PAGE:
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The Yankee who was a hero in a college football New Year’s bowl game

Future Yankee Jake Gibbs was named an MVP on the college football field before stepping into the batter’s box in the Bronx.

New York Yankees

Several holidays have a sport that can act as something to watch or background noise as you spend time with family and friends. Baseball can be that for the Fourth of July. The NFL’s Thanksgiving games are a decades-long tradition. The NBA always puts out a marquee schedule for Christmas day. For New Year’s Day, college football has traditionally been the main sports offering.

While the changing of college football’s postseason structure has altered things somewhat, playing in a bowl game on New Year’s Day is still seen as a marquee accomplishment for a season. The most notable bowls, most famously the Rose Bowl, are typically played on the first day of the year to much fanfare (the overlap of New Year’s Day on an NFL Sunday has bumped college football to January 2nd this year).

Beyond that, there are several standout baseball names who have played in such bowls games. Due to the fairly small overlap in baseball and football seasons, there’s plenty of people who’ve played both, and some of that number even make it in both at the college and professional ranks. One such player who did so was Yankee catcher Jake Gibbs.

A dual-sport athlete at Ole Miss, Gibbs spurned football to play baseball and signed with the Yankees after his college career. He played in New York from 1962-71 and was the catcher in the bridge era between Elston Howard and Thurman Munson. However before any of that happened, he was a hero on the football field in a notable bowl game.

Gibbs was the quarterback for the 1960 Ole Miss Rebels football team as they started the season ranked No. 2 in the country. He helped them to a 6-0 start to the season which saw them bounce back and forth between the Nos. 1 and 2 spots. Then on October 29th, they battled LSU to a 6-6 tie. While it wasn’t a loss, the result put them behind the eight ball in the rankings and in the race for the national championship.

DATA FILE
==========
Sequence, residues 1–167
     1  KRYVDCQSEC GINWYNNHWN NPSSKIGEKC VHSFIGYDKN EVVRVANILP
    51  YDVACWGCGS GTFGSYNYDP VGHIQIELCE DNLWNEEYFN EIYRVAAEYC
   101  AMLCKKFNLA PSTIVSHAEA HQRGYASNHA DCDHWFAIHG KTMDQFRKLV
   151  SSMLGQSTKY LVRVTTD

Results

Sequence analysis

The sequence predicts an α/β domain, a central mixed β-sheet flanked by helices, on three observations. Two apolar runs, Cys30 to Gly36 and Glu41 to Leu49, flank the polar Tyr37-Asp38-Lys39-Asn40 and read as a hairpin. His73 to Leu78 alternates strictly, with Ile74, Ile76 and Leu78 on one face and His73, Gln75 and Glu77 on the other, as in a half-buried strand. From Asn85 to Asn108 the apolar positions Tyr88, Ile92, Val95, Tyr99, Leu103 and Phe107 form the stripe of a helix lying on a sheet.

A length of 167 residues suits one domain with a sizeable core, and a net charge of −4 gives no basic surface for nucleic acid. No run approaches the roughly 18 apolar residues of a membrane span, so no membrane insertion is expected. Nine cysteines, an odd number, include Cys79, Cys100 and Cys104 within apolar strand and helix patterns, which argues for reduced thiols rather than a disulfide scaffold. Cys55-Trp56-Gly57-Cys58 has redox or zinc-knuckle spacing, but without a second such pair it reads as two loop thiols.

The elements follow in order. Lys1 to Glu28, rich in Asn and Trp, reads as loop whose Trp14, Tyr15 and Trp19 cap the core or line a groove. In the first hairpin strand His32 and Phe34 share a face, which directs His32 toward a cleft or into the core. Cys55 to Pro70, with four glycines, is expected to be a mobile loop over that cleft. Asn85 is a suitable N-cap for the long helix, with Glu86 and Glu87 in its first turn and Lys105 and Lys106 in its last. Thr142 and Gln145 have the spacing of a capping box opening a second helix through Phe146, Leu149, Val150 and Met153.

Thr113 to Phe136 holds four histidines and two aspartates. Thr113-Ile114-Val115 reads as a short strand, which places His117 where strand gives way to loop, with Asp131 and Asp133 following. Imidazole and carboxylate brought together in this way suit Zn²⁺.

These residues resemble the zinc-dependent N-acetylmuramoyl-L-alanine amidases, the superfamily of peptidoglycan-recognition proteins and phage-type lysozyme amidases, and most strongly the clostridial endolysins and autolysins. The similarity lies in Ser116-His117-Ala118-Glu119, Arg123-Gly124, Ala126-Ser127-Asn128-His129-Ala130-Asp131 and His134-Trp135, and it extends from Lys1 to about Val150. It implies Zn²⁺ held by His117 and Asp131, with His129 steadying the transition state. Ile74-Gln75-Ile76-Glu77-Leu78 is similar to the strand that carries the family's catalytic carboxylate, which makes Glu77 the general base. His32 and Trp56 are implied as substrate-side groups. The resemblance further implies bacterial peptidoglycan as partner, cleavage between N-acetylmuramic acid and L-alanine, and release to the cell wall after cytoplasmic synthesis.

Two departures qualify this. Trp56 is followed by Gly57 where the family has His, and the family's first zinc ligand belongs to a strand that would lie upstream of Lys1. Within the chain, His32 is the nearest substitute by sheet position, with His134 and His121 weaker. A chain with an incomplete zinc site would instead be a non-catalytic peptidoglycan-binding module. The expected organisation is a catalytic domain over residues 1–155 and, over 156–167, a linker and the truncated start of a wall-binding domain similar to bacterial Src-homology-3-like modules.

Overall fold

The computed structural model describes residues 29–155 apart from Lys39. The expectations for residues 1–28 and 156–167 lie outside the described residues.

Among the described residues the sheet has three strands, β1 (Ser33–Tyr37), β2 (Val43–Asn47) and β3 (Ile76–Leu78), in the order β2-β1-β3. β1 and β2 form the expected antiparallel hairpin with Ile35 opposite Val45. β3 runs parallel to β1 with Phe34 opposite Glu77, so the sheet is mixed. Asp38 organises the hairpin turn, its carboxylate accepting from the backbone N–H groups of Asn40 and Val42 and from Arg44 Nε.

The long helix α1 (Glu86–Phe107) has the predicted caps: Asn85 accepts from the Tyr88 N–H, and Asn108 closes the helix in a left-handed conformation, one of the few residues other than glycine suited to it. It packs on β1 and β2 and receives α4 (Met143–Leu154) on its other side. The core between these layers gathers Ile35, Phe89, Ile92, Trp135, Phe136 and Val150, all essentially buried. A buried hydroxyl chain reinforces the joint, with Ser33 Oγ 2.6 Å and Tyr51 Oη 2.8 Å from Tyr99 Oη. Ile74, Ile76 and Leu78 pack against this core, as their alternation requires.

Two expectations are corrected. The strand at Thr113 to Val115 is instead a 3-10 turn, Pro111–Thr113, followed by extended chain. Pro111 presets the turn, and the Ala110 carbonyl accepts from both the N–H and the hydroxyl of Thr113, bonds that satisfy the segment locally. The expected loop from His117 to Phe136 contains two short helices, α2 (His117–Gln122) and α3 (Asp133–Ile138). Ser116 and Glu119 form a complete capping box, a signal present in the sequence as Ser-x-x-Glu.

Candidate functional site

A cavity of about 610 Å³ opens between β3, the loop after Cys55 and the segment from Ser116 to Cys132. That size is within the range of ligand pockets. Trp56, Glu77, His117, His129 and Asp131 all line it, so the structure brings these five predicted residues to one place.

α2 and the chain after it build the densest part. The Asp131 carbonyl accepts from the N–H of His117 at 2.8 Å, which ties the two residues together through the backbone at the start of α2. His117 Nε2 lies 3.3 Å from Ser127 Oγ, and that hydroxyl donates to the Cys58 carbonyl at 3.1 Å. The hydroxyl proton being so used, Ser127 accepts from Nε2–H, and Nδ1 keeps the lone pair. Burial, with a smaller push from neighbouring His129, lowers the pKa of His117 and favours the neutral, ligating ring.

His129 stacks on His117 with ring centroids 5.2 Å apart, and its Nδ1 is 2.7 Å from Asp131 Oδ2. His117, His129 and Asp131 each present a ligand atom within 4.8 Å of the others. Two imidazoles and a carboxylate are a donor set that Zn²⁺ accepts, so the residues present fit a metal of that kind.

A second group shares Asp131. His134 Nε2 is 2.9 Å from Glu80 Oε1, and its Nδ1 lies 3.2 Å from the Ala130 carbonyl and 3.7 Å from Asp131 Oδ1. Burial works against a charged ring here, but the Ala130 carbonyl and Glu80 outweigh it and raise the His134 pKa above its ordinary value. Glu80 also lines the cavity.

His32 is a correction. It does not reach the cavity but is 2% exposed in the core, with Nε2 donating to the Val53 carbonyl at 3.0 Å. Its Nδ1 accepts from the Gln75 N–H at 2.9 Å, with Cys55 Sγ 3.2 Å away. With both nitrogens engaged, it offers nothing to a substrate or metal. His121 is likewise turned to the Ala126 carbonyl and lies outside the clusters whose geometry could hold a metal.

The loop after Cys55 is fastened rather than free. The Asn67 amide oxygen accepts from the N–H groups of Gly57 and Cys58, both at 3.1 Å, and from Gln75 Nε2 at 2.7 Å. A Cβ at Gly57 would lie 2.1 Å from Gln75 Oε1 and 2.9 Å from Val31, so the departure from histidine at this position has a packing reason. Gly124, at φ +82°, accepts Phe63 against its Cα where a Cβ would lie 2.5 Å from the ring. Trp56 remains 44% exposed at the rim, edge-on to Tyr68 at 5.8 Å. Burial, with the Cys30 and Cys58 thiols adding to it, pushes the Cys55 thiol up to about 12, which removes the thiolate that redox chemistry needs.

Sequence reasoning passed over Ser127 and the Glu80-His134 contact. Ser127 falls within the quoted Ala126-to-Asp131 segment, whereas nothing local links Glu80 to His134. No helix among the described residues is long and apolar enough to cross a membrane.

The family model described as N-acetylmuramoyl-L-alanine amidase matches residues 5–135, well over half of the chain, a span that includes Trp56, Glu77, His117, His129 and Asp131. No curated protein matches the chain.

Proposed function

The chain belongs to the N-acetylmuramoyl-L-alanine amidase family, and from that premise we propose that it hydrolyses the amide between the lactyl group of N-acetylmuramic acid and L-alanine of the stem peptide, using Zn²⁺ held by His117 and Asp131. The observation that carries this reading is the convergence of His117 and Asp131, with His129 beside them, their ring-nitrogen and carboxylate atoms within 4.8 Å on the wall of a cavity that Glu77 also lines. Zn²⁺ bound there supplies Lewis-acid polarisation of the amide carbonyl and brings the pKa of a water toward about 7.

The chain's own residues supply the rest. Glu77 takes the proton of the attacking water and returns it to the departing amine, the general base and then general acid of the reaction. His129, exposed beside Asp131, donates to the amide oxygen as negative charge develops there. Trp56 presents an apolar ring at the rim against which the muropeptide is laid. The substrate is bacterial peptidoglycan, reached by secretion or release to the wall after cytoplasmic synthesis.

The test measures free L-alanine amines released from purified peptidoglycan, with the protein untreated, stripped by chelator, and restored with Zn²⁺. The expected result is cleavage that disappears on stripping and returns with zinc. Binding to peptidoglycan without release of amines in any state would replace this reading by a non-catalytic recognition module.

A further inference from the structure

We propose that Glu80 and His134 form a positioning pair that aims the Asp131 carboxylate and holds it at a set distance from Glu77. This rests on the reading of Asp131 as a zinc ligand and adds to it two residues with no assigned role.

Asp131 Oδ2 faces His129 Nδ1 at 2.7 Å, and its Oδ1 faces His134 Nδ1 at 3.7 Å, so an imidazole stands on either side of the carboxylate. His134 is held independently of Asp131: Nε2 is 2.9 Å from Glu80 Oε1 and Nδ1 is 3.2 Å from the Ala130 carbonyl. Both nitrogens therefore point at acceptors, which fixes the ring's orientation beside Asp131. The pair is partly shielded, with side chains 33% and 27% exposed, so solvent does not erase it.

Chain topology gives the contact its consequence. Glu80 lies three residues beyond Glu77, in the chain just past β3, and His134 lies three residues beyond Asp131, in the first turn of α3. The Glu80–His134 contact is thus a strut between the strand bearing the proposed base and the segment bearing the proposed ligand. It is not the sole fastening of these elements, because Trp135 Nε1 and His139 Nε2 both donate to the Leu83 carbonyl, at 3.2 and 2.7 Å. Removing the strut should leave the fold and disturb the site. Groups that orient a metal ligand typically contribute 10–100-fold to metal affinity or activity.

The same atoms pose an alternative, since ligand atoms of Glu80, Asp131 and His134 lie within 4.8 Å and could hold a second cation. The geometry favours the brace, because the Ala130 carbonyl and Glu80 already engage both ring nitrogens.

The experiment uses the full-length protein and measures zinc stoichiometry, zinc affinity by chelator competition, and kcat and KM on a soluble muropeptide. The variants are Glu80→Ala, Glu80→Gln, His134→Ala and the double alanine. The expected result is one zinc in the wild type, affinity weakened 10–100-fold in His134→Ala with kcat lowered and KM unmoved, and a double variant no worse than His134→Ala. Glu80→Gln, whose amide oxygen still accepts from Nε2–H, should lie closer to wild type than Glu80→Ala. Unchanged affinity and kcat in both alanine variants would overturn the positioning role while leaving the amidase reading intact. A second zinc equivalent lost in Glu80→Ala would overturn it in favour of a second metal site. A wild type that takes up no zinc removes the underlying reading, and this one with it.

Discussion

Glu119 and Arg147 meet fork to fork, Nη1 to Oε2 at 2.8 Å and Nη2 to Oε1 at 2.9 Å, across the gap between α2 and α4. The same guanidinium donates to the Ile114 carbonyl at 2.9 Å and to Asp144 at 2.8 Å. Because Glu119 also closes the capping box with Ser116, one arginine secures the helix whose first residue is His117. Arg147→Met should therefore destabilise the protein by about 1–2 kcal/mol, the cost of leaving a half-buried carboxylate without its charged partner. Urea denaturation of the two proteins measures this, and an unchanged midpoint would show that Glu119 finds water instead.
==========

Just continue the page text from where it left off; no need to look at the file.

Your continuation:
The tie dropped them to No. 6 in the rankings and left them playing catchup over the rest of the season. Ole Miss did win out the rest of the way, finishing up a 9-0-1 season with a victory over Mississippi State and earning a spot in the 1961 Sugar Bowl on January 2nd.

The issue was that it they couldn’t get back up to the No. 1 spot, as they were stuck behind Minnesota, who had just completed an 8-1 season. That was an issue in 1960, as at that time, the rankings from both the AP and the Coaches, the two main organizations that decided the national champion, released their final rankings after the last week of the regular season as opposed to the bowl games. That policy would be changed in the years after, almost certainly in part because of what happened in 1960.

Ole Miss fans were understandably not happy with the AP and Coaches’ Polls giving Minnesota the title despite the Rebels’ better record. On campus, they made dummies with the words “AP” and “UPI” — who was in charge of the Coaches’ Poll — and burned them while chanting “We’re No. 1, to hell with AP and UPI.” That also meant Ole Miss was also almost certainly motivated as they went into the 1961 Sugar Bowl, where they were matched up with the Rice Owls.

Gibbs and Ole Miss were the favorites and showed why, scoring early on a drive that was capped up by a Gibbs’ rushing touchdown. However, the Owls then fought back and played the Rebels close for the first of the first half, keeping them off the board. In the third quarter, Rice got on the board with a touchdown of their own, but missed the extra point, making the score 7-6. While Ole Miss still led, they needed some sort of spark, as they were in very real danger of losing their undefeated season.

Early in the fourth quarter, Ole Miss took over on a drive that started near midfield. Gibbs guided them all the way to Rice’s one-yard line. The Owls managed to stuff Ole Miss on the first three plays, setting up fourth down, and possibly a game-deciding play.

Gibbs took the snap and fumbled with it a bit before regaining his composure and racing out wide towards the goal line. He was met there by a pair of Rice defenders, who helped knock the ball loose. However, before that happened, it was ruled that Gibbs has crossed the goal line for a crucial touchdown. That plus the ensuing extra point put Ole Miss up 14-6, a lead which they would hang on to for a win. For scoring his team’s two touchdowns for the game, the future Yankee catcher was named the Sugar Bowl MVP. Meanwhile for his whole efforts on the season, Gibbs finished third in Heisman Trophy voting, coming close to being named the best player in the country.

Elsewhere, Minnesota lost their bowl game, finishing with two losses to Ole Miss’ one. Taking into account the bowl results, the Football Writers Association of America voted the Rebels No. 1, a championship with Ole Miss claims as one of three national titles.

While Gibbs would be selected in both the NFL and AFL drafts after his success, he decided to choose baseball, and considering his 10-year career, it seems like the right choice. However, he did make quite an impact on the football field before going down that route.